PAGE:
Emory University Police Department (EPD) officer Randall Terry, Jr. and officer Alexander Mawson (08C) saved an allegedly depressed man who was thinking of committing suicide on a night shift last year, Tarry said. When Mawson arrived on the scene, the person was at the top level of a parking garage facility, dangling his legs off the ledge. They spoke to him about why he wanted to end his life and appealed to his sensibilities.

“I’ve seen the victims of highway accidents, medically unstable students and dead bodies, but that was always after the fact,” Terry said. “This would have been an entirely new trauma.”

Although a typical EPD night does not often involve events as extreme as deterring a suicide, The Emory Wheel shadowed Mawson between 9 and 11 p.m. Friday, Nov. 11, to get a closer look into the life of an officer on a night shift. I sat in the shotgun of a white and blue EPD car as Mawson pointed out violations: a driver drove through a stop sign and a fraternity left a beer can out in its front lawn. I hadn’t paid much attention to either, but his trained eye did. All EPD officers receive the same training as DeKalb County Police Department officers, according to Mawson. EPD officers can respond to dispatch calls that range from providing backup to Emergency Medical Services (EMS) to checking suspicious activity. Besides taking calls, their responsibility is to patrol campus and to conduct building and location checks.

Mawson’s patrol car houses minimal technology. An old fashioned radio picks up DeKalb County’s transmission. Mawson said it’s helpful to keep an ear on what’s happening around campus. Additionally, he writes citations and records meaningful evidence of ongoing investigations on his laptop. Strapped to his waist, Mawson carries a pair of handcuffs, a flashlight, a bottle of pepper spray, an adjustable baton and a firearm. At 9:15 p.m., we walked through Sanford S. Atwood Chemistry Center to check for unusual activity and building maintenance. Instead of switching on the lights, Mawson turned on his flashlight to guide us through the corridors and a chemistry lab. Immediately, we were hit with a vinegar smell and heard a machine pumping.  

“You can see the sign there that says the strange smell is normal,” Mawson said.

We kept walking. The building check was complete.  

“It’s usually preventative,” Mawson said. “You’re going in to look for someone in the building who is not supposed to be there. Is there a door pried open or propped open?”

Our next stop was the Candler Mansion on Emory’s Briarcliff campus. The abandoned historical landmark is a frequent place for students to go ghost hunting or  host social events. However, many do not realize that going inside is a crime, Mawson noted.  At 9:45 p.m., his walkie-talkie buzzed louder than usual. A college student staying in LongStreet-Means Hall had called EMS. Mawson was called to provide backup. Ambulance and firetruck sirens whirred as we pulled up to the freshman housing complex. Due to confidentiality, I waited in the lobby for Mawson to complete his duties.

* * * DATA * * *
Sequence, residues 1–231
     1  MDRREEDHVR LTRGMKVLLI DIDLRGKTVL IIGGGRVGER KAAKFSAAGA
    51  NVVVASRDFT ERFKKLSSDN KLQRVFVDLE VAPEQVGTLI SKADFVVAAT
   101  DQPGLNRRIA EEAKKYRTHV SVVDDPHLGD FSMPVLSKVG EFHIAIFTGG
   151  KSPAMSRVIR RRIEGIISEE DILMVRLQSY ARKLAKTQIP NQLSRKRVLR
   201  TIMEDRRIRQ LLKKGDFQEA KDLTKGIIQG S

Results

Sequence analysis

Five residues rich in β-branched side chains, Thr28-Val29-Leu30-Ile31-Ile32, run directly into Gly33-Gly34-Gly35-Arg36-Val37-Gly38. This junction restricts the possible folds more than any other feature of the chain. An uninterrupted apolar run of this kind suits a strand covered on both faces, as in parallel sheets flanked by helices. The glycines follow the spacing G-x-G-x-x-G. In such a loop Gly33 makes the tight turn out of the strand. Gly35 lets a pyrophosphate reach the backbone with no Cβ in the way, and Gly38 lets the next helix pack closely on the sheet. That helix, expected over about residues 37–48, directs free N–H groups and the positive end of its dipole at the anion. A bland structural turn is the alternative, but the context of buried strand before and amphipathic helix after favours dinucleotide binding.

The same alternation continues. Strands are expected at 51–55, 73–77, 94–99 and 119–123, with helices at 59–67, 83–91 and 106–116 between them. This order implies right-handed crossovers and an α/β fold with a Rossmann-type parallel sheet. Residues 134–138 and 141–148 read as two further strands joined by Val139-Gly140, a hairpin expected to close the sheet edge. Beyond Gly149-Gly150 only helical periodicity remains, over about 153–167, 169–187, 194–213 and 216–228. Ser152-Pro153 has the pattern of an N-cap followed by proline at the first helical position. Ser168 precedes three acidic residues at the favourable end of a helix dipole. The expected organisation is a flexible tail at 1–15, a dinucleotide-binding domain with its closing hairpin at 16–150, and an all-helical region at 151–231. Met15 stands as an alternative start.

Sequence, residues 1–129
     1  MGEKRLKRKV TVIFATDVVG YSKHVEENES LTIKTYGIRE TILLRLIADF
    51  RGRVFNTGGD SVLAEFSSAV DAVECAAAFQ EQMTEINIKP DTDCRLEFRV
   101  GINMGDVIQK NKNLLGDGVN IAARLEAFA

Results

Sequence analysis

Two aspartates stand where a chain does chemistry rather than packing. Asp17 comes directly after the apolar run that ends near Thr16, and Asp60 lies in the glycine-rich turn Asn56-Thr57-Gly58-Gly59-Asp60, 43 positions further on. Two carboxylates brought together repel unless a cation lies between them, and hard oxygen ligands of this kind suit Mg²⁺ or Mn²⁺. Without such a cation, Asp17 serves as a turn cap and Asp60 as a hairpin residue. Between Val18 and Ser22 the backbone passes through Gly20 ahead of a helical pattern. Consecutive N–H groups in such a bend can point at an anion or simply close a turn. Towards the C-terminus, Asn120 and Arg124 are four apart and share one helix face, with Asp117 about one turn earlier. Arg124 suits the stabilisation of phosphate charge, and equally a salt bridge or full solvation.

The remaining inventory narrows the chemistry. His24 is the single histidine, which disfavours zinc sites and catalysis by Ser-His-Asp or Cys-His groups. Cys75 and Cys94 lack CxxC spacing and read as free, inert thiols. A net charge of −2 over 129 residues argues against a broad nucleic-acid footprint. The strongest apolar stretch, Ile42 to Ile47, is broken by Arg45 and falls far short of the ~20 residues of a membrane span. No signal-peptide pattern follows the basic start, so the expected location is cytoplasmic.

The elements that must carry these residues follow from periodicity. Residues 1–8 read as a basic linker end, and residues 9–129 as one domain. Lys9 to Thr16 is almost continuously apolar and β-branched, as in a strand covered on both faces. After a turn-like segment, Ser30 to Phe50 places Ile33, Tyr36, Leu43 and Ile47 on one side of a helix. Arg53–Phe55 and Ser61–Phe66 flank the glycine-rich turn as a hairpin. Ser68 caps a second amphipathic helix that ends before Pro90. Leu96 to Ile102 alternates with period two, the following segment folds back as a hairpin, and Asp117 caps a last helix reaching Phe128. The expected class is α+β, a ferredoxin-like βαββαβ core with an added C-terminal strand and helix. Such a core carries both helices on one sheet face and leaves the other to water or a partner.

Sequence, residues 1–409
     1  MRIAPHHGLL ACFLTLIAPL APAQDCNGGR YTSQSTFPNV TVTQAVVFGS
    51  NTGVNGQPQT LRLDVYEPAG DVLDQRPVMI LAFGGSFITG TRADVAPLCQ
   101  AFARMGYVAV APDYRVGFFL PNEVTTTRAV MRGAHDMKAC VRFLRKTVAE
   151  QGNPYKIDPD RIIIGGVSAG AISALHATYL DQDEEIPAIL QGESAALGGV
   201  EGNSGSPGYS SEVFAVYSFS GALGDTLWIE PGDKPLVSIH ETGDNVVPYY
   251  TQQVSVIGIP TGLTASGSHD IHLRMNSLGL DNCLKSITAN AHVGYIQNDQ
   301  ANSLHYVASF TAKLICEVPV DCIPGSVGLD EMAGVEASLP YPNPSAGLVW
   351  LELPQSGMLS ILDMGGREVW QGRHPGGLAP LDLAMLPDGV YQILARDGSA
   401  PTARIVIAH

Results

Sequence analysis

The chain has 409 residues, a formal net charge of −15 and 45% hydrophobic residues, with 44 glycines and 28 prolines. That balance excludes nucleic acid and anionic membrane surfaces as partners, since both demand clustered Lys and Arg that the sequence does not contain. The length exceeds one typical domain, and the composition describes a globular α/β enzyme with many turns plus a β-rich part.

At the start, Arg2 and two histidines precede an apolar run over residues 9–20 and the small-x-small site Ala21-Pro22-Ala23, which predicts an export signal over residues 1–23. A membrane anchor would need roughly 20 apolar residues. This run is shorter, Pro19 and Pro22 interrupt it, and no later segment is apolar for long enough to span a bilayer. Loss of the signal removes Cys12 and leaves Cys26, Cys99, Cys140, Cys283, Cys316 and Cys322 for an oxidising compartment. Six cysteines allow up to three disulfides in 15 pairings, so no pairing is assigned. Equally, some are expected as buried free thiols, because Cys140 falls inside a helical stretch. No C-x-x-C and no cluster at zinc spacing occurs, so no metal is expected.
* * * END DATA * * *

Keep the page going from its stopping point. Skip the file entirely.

“Our job is really to document what’s going on, document what we saw and to observe,” Mawson said. “So we’re asking questions, finding out who the person is, but we’re not taking any punitive action.”

This procedure applies not only to medical situations, but also to calls regarding suspicious activity and parties, according to Mawson.

“The other thing to keep in mind, too, is that Emory is an open campus,” Mawson said. “You just have to be aware that anyone on campus may not be a part of the community. We are very mindful of respecting people and people’s privacy.”

Mawson said that the EPD sometimes receives calls about suspicious activity. One time, Mawson observed a stranger who was whispering to himself and pacing up and down a sidewalk. As he got closer, Mawson realized that the man was talking to someone through his Bluetooth earpiece.

“It’s our job to go find out [if there is actual danger or not],” Mawson said. “Someone felt concerned enough to call us. We have to go and investigate.”

At school-registered parties, EPD officers lay low. They want to encourage good community relations between officers and students who abide by the law.

“[We try to just] be on the perimeter of the party,” Mawson said. “[We] keep people who are not supposed to be there out. We don’t walk through the crowd.”

According to Mawson, EPD on-campus officers will begin wearing body cameras to increase transparency between the police force and individuals. Also, the EPD is in the process of strengthening their social media presence via Facebook and Twitter. Before working for the EPD, Mawson served as a DeKalb County police officer and detective from 2008 to 2014. But his initial interest sprouted when he was hired to work for the Police Cadet, a work-study job at Emory. His career goal is to work for a federal law enforcement agency such as the FBI. Since then, Mawson has worked the night shift from 7 p.m. to 7 a.m.

According to Mawson, helping the community in any way possible is his first priority, even if it means working odd hours. Besides calling 911, blue-light emergency phones, located at street corners around campus, enable students to alert the EPD during precarious situations. College freshman Will Bashur says he feels safe walking back to his dorm late at night, or going for a jog when it’s dark outside. He also says that the police authorities are respectful of him and other students on campus.

“They definitely establish their authority. I’m not like, oh wow I can mess with these guys,” Bashur said. “They are not rough individuals. I’ve never felt fearful of them, which is a good thing. It’s the perfect balance.”